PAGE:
This disease received its name with respect to the district Tulare in California (the USA), where in the year 1912 the two American scientists McCoy and Chapin isolated a bacterium from a squirrel showing plaque-like symptoms of disease and called it Bacterium tularensis. Since 1974 this agent of disease is listed as Francisella tularensis honoring E. Francis, who detected the relations between the plaque-like symptoms of rodents, rabbits, etc. and the symptoms of humans, which had been described by varying names such as deer fly fever, Ohara’s disease (in Japan), Francis’ disease, market men’s disease, rabbit fever (in the USA), or lemming fever (in Norway). The second species F. philomiragia is found in the waters of the Atlantic and in the Mediterranean Sea, but is of low virulence.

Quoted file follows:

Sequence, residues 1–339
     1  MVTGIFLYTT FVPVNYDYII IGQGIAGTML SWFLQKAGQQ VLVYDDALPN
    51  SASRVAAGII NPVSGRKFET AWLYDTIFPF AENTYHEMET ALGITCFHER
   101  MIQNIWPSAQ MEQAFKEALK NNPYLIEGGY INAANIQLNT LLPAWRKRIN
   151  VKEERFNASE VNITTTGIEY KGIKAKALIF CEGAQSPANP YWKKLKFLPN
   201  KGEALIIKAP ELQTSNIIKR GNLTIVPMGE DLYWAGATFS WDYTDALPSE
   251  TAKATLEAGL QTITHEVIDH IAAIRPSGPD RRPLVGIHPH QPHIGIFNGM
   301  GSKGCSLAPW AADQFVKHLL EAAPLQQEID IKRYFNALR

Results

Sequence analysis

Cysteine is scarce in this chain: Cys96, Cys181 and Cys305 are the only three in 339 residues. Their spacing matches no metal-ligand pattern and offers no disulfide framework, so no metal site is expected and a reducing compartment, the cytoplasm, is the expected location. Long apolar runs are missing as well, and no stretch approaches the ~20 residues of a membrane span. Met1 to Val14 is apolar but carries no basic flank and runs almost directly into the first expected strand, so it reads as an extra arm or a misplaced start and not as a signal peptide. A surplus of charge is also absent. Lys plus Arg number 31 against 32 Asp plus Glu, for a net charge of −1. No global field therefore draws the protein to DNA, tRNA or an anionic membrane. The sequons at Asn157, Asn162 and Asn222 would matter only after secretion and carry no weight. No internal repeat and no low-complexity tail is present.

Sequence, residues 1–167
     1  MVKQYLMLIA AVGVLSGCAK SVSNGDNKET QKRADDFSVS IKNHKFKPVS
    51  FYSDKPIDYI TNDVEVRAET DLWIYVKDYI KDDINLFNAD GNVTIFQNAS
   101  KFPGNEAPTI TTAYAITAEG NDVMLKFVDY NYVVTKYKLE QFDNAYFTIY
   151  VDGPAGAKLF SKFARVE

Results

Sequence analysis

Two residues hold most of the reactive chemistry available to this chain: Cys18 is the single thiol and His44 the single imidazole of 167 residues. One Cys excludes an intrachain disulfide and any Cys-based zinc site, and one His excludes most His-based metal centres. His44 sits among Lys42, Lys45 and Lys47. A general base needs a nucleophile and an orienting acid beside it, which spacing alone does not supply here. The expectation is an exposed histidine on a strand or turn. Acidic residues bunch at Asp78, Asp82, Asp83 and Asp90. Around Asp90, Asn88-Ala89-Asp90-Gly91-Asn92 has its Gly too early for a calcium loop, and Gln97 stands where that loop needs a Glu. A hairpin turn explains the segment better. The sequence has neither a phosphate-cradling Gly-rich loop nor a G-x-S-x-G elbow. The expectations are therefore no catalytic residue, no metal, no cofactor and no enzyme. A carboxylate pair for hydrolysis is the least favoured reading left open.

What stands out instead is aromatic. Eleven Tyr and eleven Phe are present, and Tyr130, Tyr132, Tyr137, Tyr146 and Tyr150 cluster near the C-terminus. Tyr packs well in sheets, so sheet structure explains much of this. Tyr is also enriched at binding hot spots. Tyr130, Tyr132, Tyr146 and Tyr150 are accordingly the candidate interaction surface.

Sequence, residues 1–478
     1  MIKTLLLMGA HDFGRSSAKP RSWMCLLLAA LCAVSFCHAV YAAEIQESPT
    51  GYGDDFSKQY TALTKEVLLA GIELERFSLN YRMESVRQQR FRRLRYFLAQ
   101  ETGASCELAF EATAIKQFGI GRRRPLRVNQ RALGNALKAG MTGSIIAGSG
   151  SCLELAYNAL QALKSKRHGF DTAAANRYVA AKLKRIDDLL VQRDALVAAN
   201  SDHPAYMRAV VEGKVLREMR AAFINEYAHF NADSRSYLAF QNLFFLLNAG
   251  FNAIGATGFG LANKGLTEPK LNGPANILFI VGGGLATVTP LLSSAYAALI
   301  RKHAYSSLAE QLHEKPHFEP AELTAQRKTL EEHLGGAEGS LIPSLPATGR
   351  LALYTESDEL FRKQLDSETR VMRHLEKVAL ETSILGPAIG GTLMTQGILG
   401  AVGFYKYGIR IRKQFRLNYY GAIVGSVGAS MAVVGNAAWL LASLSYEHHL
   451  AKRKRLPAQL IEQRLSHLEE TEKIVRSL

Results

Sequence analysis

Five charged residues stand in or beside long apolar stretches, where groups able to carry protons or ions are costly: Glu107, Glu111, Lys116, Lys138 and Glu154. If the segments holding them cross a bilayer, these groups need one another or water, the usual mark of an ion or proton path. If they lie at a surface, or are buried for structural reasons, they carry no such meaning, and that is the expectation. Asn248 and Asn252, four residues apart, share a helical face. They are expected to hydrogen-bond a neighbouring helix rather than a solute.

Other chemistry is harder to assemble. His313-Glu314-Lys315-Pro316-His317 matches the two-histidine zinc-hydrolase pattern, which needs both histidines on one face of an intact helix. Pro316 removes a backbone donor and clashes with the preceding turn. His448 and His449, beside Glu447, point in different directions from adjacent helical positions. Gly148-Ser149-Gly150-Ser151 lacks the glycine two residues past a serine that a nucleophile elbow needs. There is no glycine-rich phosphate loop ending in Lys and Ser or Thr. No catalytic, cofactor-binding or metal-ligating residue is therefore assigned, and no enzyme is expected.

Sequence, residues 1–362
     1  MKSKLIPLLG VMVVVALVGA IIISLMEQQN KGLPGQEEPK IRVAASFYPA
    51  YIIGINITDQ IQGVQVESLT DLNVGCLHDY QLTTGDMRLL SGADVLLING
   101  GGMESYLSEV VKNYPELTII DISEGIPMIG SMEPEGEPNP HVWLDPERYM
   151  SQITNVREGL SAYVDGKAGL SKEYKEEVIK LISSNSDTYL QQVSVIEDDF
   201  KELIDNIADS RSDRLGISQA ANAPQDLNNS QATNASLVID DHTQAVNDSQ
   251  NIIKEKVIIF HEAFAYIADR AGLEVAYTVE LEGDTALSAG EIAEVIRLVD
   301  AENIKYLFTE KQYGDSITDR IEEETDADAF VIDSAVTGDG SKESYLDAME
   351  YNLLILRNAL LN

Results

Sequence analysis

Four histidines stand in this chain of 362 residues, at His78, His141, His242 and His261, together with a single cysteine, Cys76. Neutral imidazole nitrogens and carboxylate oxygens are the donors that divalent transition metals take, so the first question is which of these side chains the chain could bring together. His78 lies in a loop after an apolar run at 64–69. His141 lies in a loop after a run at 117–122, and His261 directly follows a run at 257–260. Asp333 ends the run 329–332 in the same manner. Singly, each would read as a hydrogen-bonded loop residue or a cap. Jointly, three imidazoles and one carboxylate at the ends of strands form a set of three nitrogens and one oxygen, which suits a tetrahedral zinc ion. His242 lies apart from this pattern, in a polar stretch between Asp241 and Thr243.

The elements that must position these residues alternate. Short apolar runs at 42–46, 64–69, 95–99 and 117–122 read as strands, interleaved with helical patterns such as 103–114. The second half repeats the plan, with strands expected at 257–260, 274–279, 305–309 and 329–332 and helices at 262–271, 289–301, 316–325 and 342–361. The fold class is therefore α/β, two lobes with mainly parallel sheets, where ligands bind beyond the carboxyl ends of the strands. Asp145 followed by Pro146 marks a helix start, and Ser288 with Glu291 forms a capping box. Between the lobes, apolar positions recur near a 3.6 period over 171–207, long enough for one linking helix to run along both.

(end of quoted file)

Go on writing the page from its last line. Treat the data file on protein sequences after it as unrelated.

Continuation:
The agents of disease are distributed in their animal hosts (rodents, rabbits, hares, beavers, etc.) in countries of the Northern Hemisphere (the USA, China,...
- Grunow R (2009) Francisella spp. In: Neumeister B (ed) Microbiological diagnostic, 2nd edn. Thieme, StuttgartGoogle Scholar